Over the past couple of weeks was a welcome site in many areas of the province.

Crop Statistican Ashan Shooshtarian says rain  was definitely welcome  particularly for hay and pasture fields, however, it might be too late for most annual crops.

"Temperatures over this period remained in the mid to high 20s across all regions. Overall, precipitation accumulations tended to be highly variable throughout most parts of the province.  Crops still look weak in many areas, with small head sizes and unfilled kernels. Provincial crop condition ratings declined slightly from the previous crop report. Currently, 18 per cent of crops in Alberta are in good or excellent condition, compared to the 5-year average of 69 per cent. Compared to the previous crop report, growing condition ratings dropped for all regions, with the North West Region deteriorating the most, where ratings dropped by three per cent, followed by the Peace and Central Regions, where ratings went down by two per cent. Conditions deteriorated marginally in the South and North East Regions."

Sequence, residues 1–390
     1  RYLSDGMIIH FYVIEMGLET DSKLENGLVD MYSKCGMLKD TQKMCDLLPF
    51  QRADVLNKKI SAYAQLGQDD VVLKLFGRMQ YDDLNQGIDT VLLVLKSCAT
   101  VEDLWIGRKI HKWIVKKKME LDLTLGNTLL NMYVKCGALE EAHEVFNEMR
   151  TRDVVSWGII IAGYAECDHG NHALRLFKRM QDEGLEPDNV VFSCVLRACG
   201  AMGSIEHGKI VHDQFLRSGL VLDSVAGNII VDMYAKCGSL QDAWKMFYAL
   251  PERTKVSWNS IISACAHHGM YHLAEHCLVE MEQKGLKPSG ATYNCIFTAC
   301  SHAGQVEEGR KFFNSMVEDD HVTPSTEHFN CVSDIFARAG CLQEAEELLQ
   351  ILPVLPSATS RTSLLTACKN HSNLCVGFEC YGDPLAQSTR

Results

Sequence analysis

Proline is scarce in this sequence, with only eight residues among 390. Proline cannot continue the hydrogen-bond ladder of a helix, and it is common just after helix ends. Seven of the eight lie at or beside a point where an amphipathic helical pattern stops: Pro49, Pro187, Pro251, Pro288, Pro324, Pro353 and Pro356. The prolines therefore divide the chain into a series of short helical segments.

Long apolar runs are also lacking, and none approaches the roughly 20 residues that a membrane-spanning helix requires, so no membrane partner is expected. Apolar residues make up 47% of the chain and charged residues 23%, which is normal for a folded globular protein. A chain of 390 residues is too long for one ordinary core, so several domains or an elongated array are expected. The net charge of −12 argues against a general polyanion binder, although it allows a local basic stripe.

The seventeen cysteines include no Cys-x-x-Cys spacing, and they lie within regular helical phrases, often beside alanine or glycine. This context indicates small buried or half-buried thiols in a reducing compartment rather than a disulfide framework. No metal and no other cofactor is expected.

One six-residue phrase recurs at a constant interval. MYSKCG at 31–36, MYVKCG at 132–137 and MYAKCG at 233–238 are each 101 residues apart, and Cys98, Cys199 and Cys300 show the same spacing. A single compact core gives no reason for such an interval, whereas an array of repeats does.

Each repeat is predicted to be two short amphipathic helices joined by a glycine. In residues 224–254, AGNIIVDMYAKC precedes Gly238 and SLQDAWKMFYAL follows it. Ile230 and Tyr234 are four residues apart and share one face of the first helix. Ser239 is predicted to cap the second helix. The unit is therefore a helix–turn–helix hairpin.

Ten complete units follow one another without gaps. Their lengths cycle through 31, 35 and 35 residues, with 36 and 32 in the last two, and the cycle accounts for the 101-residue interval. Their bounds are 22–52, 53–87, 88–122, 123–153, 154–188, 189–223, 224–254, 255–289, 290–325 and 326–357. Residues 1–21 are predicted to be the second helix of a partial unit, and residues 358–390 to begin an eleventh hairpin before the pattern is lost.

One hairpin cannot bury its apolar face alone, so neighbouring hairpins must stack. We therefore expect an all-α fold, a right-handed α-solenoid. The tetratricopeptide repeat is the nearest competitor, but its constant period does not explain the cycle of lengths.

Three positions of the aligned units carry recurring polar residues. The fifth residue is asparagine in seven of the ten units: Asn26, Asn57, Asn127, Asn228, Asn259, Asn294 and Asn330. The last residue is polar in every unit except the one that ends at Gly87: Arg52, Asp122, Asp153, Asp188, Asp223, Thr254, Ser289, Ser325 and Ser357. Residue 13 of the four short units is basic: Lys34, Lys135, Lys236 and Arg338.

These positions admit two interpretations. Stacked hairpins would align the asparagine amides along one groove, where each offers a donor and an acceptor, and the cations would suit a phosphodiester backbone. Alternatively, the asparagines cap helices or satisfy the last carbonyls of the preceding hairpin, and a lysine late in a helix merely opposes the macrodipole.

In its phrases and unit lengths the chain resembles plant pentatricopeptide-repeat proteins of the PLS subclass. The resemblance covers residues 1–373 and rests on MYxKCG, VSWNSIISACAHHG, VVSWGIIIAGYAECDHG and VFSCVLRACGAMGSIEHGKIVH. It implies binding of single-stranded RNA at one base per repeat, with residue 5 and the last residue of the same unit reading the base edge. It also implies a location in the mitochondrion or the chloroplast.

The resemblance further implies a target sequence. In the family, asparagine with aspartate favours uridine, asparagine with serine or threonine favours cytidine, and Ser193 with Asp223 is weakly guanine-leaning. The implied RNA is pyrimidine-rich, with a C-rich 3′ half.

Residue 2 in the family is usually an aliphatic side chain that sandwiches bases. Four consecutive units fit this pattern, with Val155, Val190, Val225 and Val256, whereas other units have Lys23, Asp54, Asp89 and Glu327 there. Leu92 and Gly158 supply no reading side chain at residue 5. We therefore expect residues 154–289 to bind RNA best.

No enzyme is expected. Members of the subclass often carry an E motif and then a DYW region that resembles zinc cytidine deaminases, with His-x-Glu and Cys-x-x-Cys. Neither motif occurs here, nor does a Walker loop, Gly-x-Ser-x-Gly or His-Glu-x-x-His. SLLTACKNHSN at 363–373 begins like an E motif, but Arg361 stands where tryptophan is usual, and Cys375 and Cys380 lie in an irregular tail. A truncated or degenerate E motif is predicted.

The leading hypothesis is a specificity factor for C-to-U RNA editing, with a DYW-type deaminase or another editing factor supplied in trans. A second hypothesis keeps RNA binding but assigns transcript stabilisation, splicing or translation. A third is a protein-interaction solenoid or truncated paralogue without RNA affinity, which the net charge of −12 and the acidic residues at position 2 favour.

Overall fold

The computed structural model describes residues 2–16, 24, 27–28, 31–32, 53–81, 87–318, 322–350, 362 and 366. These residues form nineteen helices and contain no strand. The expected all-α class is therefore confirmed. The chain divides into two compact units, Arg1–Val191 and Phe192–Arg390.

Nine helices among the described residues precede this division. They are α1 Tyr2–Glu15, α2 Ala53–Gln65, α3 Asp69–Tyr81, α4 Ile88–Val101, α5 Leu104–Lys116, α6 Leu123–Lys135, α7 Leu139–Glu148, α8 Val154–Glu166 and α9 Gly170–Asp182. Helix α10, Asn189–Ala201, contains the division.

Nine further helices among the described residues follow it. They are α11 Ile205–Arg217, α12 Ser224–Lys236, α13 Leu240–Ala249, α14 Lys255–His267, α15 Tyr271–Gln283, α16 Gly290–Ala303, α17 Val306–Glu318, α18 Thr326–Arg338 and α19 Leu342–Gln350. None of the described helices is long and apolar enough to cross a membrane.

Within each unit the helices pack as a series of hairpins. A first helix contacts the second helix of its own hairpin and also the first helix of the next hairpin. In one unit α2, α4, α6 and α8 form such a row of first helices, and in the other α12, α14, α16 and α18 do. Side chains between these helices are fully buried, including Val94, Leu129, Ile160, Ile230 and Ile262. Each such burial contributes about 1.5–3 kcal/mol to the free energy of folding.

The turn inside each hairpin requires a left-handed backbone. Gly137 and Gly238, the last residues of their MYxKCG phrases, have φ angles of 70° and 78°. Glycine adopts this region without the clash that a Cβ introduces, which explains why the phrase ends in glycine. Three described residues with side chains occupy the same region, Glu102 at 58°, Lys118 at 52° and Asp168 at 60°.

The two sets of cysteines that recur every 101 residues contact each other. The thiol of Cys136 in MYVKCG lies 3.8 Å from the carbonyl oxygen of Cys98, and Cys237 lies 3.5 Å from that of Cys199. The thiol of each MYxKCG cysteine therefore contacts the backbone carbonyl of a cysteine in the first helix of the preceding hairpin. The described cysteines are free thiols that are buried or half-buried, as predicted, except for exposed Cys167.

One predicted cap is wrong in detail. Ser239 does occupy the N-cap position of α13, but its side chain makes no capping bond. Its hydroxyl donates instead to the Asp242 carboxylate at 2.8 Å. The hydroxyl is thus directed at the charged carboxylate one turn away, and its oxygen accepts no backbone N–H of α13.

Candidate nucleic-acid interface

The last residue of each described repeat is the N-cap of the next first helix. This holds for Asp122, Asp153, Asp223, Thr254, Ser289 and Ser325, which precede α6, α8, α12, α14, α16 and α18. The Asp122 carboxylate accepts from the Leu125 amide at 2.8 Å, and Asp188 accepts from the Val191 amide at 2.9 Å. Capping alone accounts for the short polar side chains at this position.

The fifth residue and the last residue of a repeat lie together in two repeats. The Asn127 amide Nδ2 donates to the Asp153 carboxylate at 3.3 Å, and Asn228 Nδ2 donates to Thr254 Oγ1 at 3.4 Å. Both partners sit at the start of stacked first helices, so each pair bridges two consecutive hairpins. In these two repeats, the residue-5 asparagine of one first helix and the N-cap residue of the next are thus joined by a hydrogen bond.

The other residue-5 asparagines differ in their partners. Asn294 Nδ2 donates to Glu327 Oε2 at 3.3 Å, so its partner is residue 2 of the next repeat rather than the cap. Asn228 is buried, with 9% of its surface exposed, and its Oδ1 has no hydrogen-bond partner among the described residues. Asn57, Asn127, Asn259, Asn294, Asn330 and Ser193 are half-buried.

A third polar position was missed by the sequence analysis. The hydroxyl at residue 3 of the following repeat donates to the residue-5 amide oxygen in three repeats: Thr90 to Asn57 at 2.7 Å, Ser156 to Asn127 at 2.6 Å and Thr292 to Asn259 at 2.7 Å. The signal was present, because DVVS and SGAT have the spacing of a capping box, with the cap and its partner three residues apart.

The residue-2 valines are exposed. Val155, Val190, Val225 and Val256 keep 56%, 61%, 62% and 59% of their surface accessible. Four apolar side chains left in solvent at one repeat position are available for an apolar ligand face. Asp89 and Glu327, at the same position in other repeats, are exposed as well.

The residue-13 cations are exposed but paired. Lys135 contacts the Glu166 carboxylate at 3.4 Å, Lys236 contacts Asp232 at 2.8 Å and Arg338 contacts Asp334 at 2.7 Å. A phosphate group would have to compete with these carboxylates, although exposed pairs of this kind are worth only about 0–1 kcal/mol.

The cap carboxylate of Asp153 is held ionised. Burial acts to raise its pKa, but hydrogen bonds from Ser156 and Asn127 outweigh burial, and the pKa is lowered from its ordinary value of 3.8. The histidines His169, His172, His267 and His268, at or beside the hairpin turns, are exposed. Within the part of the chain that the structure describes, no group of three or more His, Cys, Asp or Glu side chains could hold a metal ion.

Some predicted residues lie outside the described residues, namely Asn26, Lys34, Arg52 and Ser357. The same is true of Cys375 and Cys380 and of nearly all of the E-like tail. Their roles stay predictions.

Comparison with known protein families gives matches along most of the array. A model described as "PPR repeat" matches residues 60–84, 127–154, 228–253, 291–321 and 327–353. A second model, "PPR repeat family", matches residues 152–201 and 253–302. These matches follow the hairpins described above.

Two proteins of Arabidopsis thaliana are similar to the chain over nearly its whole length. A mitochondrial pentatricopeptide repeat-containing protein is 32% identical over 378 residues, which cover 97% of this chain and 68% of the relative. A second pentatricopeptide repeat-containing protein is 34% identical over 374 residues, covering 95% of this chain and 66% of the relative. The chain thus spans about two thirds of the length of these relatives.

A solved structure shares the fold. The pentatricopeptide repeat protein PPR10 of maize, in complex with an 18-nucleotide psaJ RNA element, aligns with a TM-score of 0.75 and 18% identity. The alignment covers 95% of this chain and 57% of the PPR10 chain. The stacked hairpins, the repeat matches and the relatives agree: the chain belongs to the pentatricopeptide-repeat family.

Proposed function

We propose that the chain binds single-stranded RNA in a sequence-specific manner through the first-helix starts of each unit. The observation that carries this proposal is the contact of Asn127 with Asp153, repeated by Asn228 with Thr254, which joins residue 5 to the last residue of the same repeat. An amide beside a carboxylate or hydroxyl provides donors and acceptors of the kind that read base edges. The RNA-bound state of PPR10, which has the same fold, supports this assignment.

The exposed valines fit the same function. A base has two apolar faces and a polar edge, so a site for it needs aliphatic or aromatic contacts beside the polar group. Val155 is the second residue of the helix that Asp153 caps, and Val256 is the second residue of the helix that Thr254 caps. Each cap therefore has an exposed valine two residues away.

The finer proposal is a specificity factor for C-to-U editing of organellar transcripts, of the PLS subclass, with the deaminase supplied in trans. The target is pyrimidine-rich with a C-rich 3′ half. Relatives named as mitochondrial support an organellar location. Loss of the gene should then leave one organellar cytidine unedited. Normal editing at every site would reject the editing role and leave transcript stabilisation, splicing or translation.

Spring seeded cereals across the province are mostly in the dough stage, while all dry peas, 97 per cent of canola and more than 95 per cent of lentils and chickpeas are in the podding stage.

Shooshtarian says harvest is advanced in all regions and operations have begun for fall-seeded crops, pulses and some early-seeded spring cereals.

"Provincially, 62 per cent of fall rye, 44 per cent of winter wheat, 32 per cent of lentils, 19 per cent of dry peas and 14 per cent of both durum wheat and triticale are now in the bin, accounting for about four per cent of all crops. About one per cent of crops across the province have been swathed and 95 per cent is still standing."

Pasture growing conditions across Alberta remains poor.

She says some pastures are so “burnt” and dried out from the earlier hot and dry conditions in the year that recent precipitation was not enough to benefit them.

"Rainfall before the fall is needed to ensure average growth next year. In response to feed shortage as a result of hot dry conditions, producers are taking cereals and pulses for silage, greenfeed or pasturing them."

Currently, pasture conditions across the province are now reported as 52 per cent poor, 30 per cent fair, 17 per cent good and 1 per cent excellent.

Provincial tame hay growing conditions are rated as 51 per cent poor, 32 per cent fair, 16 per cent good and 1 per cent excellent.

The Alberta Crop Report is available here.